Recorded rapes double in 10 years but no more perpetrators are being sentenced

A Victorian sentencing review has found that the number of recorded rapes and sexual assaults both doubled in the 10 years to 2019, but there was no increase in the number of offenders sentenced.

Advocates say the figures in a Sentencing Advisory Council study showed the justice system does not take sexual assault and rape seriously enough and scrutiny is needed on why so many recorded sex offences do not progress all the way through the criminal justice system.

Justice is proving persistently blind for many victims of rape and sexual assault in Victoria.Credit:iStockphoto

The review also showed complaints of rape, incest and offences against children increased by a total of 63 per cent but only one in five sex offences and one in 23 recorded rapes resulted in a sentence.

Karen Hogan, chair of Sexual Assault Services Victoria, said the report reflected that more people who had experienced sexual assault and rape now felt safe to come forward but too many were dropping away as they went through the criminal court process.

The report found that, for those cases that made it to sentencing, imprisonment was more likely and most sentences had increased in length by one or two years, except for incest which almost doubled from four years and 10 months to eight years and three months.

Over 10 years, Victorians reported 23,000 rapes – the highest category of reported sex offence – but rape offences had the lowest number of sentenced offenders at only 1003. The number of offenders sentenced for sexual assault actually fell between 2010 and 2019 from 436 to 389.

At least 55 per cent of sex offences that attracted sentences in Victoria were committed against children, and in the case of incest against children, step-parents, particularly stepfathers were more than eight times more likely than biological parents to be sentenced.

The report found that a number of Court of Appeal and High Court decisions had contributed to average prison sentences almost doubling for incest with a child from about four years to seven years.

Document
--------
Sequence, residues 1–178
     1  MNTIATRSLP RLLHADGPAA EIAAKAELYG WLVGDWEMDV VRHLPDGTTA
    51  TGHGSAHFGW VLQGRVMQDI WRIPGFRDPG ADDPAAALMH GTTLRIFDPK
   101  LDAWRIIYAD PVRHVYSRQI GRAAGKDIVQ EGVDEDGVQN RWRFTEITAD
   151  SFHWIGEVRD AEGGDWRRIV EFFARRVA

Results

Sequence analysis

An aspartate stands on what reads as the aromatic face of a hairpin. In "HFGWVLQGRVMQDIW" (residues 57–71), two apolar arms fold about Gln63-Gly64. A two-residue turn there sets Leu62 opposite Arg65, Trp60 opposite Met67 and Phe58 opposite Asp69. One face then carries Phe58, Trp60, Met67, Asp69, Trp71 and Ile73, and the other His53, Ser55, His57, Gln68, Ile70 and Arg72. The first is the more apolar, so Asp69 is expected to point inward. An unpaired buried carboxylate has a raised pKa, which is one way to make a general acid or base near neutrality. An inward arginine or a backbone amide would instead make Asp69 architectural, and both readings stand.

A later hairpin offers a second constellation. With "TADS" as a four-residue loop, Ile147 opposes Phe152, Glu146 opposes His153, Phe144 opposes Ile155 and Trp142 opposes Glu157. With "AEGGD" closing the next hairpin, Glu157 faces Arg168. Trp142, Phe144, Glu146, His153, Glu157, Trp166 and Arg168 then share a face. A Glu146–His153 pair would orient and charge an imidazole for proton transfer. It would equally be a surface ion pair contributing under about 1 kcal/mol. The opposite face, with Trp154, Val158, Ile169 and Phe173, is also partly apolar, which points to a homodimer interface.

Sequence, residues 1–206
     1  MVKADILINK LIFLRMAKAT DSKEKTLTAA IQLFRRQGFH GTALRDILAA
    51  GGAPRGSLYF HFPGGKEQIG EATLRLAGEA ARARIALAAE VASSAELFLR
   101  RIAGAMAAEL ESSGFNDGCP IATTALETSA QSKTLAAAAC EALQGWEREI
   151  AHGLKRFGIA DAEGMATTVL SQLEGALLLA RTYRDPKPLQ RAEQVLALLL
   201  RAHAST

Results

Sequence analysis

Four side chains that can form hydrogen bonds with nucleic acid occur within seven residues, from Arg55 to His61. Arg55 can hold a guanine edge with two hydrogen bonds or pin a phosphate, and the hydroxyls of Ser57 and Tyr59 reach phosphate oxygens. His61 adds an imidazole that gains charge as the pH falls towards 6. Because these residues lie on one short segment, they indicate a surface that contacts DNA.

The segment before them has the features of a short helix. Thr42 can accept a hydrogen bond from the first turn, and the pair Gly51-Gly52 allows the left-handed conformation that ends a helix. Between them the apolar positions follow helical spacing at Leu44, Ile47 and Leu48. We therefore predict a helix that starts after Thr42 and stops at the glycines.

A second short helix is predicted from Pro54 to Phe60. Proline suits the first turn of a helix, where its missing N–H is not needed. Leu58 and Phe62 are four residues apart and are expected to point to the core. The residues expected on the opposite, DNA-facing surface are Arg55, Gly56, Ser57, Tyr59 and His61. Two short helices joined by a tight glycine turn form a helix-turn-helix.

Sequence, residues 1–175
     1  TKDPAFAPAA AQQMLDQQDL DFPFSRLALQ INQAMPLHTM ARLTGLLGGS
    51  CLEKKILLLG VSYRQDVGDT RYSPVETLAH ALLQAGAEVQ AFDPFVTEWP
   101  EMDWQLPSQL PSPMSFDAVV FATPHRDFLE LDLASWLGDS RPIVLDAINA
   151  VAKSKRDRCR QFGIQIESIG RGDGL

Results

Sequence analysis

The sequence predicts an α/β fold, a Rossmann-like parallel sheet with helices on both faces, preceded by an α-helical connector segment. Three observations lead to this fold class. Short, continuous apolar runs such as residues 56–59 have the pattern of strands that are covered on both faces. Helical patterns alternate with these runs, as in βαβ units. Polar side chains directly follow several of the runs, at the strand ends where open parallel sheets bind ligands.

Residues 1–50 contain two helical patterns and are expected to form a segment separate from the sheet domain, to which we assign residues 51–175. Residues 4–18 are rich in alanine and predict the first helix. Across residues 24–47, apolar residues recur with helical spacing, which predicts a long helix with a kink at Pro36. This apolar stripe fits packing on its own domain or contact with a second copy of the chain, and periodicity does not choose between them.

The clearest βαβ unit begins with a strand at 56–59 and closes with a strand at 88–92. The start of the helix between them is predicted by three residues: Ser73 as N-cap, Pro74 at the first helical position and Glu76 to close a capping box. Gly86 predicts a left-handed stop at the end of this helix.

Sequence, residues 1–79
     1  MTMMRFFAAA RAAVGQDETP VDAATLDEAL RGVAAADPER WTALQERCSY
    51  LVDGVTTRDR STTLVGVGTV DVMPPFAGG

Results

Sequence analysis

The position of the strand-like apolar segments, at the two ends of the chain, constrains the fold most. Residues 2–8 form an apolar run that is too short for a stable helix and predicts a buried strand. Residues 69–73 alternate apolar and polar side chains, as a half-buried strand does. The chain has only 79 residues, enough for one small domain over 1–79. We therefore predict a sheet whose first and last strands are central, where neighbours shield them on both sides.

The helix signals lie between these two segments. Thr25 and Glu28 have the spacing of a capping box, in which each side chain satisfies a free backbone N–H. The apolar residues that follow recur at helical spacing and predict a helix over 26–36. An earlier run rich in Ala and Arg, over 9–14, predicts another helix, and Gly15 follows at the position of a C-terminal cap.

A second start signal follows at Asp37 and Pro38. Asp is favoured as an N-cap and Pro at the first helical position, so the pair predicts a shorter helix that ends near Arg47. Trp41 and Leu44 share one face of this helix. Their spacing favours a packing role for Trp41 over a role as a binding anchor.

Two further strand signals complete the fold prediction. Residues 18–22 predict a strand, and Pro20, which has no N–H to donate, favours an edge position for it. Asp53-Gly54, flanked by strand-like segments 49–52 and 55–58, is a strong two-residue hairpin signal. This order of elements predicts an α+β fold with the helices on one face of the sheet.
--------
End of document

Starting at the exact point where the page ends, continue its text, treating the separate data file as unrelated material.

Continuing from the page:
Dr Rachael Burgin, executive director of Rape and Sexual Assault Research and Advocacy, said it was significant the review found sentences for incest with a child had doubled in the decade due to legal reforms. But the “huge discrepancy” between the number of rape and sexual assault offences against adults being recorded and the number proceeding to sentencing was shocking.

“To have only one in 23 reports of rape resulting in a sentence through the criminal justice system is clear evidence the system doesn’t take this offending behaviour as seriously as it needs to,” said Dr Burgin, a Swinburne University law lecturer.

“There needs to be reform at all stages [of the justice process]. It is not a sentencing issue, it is attrition of cases going to trial. This report focused on sentencing, but we are missing a whole piece of the puzzle if we don’t start really delving into police practice and prosecutorial decision-making.

“The most glaring issue is about cases being dropped by police, not being pursued by prosecutors and not resulting in guilty verdicts. There are problems at every stage of the system.”

Sentencing council chair Professor Arie Freiberg said the legislative reforms, Court of Appeal judgments and an “improved understanding of the lasting harms of sexual abuse” meant that sex offences, especially against children, were receiving more severe sentences than they were a decade ago.

However, they were still “nowhere close to what many of the victims and other groups would see as appropriate – they would like to see them closer to the maximum penalty,” Professor Freiberg said, which “reflects the fact sentencing reform is a slow and evolving process”.

Cathy Oddie, a member of the Victims of Crime Consultative Committee and a sexual assault survivor, said while it was encouraging that sentences for all types of child sexual offences had increased, “there are still major gaps in justice outcomes for most victim-survivors of these types of crimes”.

“This research does not address the fact that most incidents of sexual violence do not progress past the early police investigation stage. That means this data does not adequately reflect the many offenders who do not end up facing a criminal trial process or any sentencing processes,” she said.

“More needs to happen to enable reported cases to progress through to trial stage so that perpetrators of sexual violence have to face accountability for their actions.”

Ms Hogan of Sexual Assault Services Victoria said: “We do have women more prepared to report, they feel more comfortable and it’s a really good thing. We need to acknowledge the next step on the continuum, where it is falling down, is dependent on how people [to whom sexual assault reports are made] respond. Maybe victims aren’t getting enough support through the process.”

The case studies in the main report also highlight the fact that mandatory sentencing is a blunt tool that fails to account for the handful of rare and extraordinary cases where justice would normally call for mercy and a non-custodial sentence.

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